Though its still used on over half of all Windows-based computers around the world, Microsoft has stopped providing certain versions of Windows 7, specifically Home Basic/Premium and Ultimate, to computer manufacturers worldwide. Once the current inventory runs out, the only computers that can be bought with Windows 7 will be business-class machines (such as Dell’s Optiplex and Latitude model lines) with the “Pro” or “Enterprise” version installed. Everything else will be Windows 8 or 8.1 until Microsoft launches Windows 10 mid-next year.
What this means for you:
While it’s true that the average consumer may have trouble purchasing a Windows 7 machine for the foreseeable future, Microsoft has no intention of cutting off support for Windows 7 like it did for Windows XP earlier this year. There is still a very large base of enterprise installations running contentedly on 7 and some companies have only just recently completed their migration from XP! Microsoft will continue to provide licensing avenues for companies that need to expand their existing Windows 7 fleets, and most IT organizations appear content to wait to see what Windows 10 has in store for their companies as opposed to switching their operations to the much maligned 8.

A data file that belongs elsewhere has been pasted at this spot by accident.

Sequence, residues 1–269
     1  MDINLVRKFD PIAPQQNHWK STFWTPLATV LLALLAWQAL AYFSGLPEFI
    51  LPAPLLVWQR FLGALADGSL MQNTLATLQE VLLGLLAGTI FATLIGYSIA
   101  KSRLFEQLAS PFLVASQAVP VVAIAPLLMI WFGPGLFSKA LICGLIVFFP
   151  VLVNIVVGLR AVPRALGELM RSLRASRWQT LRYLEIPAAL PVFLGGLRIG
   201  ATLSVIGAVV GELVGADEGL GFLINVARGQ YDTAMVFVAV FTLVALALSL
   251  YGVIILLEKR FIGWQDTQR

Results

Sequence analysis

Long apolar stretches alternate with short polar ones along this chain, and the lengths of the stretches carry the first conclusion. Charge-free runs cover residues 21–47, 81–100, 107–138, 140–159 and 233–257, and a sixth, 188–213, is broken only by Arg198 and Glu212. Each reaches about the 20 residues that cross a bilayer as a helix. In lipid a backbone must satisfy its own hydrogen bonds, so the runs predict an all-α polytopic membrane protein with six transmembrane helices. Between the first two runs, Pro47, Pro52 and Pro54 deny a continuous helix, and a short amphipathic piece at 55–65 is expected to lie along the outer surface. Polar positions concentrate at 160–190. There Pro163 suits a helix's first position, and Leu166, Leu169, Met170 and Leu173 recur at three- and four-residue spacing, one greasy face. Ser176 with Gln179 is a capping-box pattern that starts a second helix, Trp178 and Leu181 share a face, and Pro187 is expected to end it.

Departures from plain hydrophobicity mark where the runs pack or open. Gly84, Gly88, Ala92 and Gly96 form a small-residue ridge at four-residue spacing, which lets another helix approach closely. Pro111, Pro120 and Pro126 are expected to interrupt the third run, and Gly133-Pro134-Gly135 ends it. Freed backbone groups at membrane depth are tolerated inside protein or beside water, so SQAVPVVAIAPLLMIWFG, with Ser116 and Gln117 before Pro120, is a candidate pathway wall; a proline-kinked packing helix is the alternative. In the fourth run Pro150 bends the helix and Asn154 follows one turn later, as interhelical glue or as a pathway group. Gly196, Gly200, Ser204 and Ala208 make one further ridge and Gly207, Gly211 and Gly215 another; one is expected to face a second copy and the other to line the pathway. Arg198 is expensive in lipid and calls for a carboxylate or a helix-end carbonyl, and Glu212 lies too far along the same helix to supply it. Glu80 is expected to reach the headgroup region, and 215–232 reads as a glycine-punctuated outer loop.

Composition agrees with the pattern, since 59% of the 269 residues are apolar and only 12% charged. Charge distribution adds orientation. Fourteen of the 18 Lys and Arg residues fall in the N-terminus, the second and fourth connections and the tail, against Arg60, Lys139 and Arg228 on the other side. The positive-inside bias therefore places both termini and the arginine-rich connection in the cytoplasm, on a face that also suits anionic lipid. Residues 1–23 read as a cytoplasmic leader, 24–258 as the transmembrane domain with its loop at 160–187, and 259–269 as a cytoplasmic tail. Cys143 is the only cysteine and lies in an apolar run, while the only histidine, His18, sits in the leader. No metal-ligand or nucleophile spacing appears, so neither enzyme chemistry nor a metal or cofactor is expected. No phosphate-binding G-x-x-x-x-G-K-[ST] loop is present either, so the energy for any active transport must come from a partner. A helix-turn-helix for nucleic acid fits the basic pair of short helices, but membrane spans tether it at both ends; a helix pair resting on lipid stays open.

All this being said, if you need a new computer, don’t let the lack of 7 or the presence of 8 deter you from a purchase. As mentioned above, it is still possible to purchase Windows 7 Pro machines, though they come with a premium price as compared to the cheaper consumer lines that sold with Windows 7 Home. If you can’t get a Windows 7 machine, consider shopping for one that has 8.1 (not 8), which has multiple improvements (mostly under the hood) over its predecessor. Be prepared for some transition pain – mostly in learning how to navigate Windows 8’s dual-personality interface, but once you get settled in, the experience will largely be the same as what you enjoyed in Windows 7.